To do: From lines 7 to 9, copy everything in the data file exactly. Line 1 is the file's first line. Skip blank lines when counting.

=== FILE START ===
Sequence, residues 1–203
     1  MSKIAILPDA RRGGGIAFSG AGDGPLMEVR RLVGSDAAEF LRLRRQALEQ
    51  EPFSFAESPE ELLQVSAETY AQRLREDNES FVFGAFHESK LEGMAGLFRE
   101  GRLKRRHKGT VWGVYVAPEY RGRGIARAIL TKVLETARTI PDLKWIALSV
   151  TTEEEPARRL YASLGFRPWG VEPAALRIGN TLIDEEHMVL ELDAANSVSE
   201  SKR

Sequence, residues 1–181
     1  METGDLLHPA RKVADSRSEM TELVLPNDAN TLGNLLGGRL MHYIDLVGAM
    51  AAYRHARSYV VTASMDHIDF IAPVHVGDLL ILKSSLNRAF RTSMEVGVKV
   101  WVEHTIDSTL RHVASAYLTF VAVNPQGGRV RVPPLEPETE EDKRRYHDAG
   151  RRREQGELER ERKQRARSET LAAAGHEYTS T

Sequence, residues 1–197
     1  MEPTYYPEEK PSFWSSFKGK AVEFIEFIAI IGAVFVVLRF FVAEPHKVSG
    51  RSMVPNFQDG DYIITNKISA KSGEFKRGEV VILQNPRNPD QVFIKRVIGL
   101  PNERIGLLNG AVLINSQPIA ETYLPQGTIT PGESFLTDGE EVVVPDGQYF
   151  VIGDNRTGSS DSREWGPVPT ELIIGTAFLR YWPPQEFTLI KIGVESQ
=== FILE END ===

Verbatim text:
Sequence, residues 1–181
     1  METGDLLHPA RKVADSRSEM TELVLPNDAN TLGNLLGGRL MHYIDLVGAM
    51  AAYRHARSYV VTASMDHIDF IAPVHVGDLL ILKSSLNRAF RTSMEVGVKV